It’s budget adjustment week at the City of Calgary, which means a week-long process to hammer out the 2024 financials.
On tap is a potential 7.8 per cent property tax increase for the typical single-family homeowner – or $16 per month for a property worth $610,000. There’s a 3.4 per cent tax increase already baked in from last year’s four-year budget, but a suite of $170 million for 28 projects, plus a potential tax shift, means that could more than double by the end of the week.
Also, a typical business valued at around $5 million could see a roughly 3.5 per cent non-residential property tax increase. That would mean an additional roughly $275 monthly, depending on how the final assessment roll comes out.
The early November budget reveal, recessed to the call of the chair, will be re-opened today.
The public will then get to share their perspectives on the budget, which typically lasts a day or so. Right now, there are dozens of speakers slated to provide city budget commentary.
After public input, business units will answer specific questions from Calgary city councillors. This is where councillors drill down into the specifics of each unit’s budget. This can take a day, maybe even two before all questions are exhausted.
Then we’ll get into the sausage making, where councillors will hash out different motions to amend the budget before the final amended budget is passed.
Each budget day isn’t expected to go past 6 p.m. – except public submissions, which will go until 9:30 p.m. Monday. Budget talks could go the full five days of this week, however in years past, groundwork has been done to come up with a set of mostly agreed-upon amendments that could speed up the process.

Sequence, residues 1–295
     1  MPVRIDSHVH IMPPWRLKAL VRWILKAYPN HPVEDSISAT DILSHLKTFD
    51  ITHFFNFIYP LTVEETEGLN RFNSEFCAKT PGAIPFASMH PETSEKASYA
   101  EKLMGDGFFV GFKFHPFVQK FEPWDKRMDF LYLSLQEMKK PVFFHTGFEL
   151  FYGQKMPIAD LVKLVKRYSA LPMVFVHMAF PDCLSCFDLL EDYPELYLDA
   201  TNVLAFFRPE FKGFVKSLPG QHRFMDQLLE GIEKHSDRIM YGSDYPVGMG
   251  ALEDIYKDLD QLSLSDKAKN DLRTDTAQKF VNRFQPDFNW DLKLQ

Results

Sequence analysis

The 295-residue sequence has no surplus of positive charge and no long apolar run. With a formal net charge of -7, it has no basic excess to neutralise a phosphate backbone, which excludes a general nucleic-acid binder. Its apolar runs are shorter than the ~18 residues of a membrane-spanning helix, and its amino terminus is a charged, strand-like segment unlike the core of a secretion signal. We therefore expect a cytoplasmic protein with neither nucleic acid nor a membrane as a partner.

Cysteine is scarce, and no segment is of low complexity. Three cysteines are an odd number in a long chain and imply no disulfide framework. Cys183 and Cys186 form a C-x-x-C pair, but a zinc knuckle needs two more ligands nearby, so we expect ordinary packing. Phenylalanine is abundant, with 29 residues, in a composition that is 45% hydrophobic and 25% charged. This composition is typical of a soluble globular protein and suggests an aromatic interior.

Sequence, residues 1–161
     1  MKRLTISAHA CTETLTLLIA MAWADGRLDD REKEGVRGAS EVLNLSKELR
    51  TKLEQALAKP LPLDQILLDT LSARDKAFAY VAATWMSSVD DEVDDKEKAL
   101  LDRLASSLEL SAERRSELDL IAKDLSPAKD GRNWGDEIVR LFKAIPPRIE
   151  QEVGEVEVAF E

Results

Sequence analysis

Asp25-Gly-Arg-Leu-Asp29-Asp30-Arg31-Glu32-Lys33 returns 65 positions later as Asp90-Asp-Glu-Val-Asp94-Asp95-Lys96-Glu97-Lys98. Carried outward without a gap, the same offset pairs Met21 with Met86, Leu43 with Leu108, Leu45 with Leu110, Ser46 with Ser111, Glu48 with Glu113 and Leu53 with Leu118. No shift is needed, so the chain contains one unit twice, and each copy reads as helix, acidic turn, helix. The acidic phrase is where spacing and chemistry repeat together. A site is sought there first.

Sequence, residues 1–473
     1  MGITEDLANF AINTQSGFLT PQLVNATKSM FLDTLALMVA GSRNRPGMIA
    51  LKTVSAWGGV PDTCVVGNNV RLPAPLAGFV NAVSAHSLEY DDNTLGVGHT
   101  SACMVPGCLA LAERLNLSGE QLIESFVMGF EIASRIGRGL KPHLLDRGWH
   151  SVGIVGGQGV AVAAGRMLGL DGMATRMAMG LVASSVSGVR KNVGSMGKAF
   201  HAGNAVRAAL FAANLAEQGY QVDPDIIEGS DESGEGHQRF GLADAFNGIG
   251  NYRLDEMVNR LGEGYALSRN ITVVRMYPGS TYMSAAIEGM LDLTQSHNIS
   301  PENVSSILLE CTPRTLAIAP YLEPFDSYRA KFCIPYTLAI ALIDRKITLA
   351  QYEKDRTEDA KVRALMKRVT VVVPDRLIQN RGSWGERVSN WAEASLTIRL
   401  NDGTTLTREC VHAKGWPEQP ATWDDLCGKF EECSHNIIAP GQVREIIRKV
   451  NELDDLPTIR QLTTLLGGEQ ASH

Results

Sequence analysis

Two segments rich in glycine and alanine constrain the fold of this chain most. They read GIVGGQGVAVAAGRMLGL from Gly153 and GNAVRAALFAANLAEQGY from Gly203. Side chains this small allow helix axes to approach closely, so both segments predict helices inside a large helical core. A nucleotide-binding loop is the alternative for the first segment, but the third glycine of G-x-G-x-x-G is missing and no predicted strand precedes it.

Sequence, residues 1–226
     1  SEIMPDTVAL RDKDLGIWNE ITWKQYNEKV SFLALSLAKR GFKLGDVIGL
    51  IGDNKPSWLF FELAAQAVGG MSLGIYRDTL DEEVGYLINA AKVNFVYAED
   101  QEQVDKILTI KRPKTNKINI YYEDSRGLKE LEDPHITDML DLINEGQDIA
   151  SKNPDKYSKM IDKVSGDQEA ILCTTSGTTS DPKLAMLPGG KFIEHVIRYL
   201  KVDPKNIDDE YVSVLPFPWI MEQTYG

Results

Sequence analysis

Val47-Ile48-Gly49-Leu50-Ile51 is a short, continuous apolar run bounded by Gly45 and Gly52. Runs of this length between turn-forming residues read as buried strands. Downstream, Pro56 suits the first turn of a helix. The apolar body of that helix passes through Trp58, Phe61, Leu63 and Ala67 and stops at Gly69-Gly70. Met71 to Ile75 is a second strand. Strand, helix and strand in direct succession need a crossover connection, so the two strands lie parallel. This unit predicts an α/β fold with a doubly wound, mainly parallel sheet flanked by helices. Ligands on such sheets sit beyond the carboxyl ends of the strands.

Citizens can watch the budget deliberations live at this link.
Does budget split means compromise in the works?
After the budget was initially rolled out, Ward 1 Coun. Sonya Sharp expressed concerns over the budget and wouldn’t support it as proposed. She said after last year’s approved budget, the city was already sitting at a 3.4 per cent property tax increase.
“When we look at the surplus and all the reserves, we’re doing something wrong if we can’t hold the line at 3.4 per cent and still invest in our city,” Sharp said.
Sharp said that she and a few others were working on a proposal to put forward this week. There’s no further word on how that took shape at this time.
As far as the tax shift, and worry over provincial intervention, Sharp said she wasn’t too concerned about it reaching the 5:1 threshold included in the Municipal Goverment Act. This current budget, without a tax shift, would keep the non-res to residential ratio at nearly 4.5 to 1. She wasn’t confident that city administration was actually worried about provincial intervention either.
“Another thing is we’re hearing that all of a sudden the province will say, ‘well, you have to go cut,'” Sharp said.
“I think the province will turn around and say you have to go back and reassess the values of your properties before they’re going to tell us that we have to cut. That’s not their game.
Still, Ward 8 Coun. Courtney Walcott said that given all the pressures – inflation, investments in housing, public safety and transit – he’s surprised that the tax increase wasn’t more.
“For me, it’s a degree of relief, given every single thing that we had to do to actually address all the issues that we’re seeing,” he said after the budget was initially delivered at the start of November.
He said the reality of the conversation is that when you’re dealing with housing issues, cost of living, transit safety and more, the bill for all that eventually comes due.
“Honestly, with the way that the crisis has spiraled, I think the fact is that we don’t have any time to delay any of this spending because it’s so significant to the impact that it will have for people in need of a good, safe, secure and attainable home right now,” Walcott said.
As far as the tax shift (which would be responsible for $4 per month for the typical Calgary SFH), Walcott said the best time to have done the shift was last year. City council, however, voted against shifting the tax responsibility to homeowners.
“I believe that the tax shift was the right decision last year and I still think it’s the right decision now,” he said.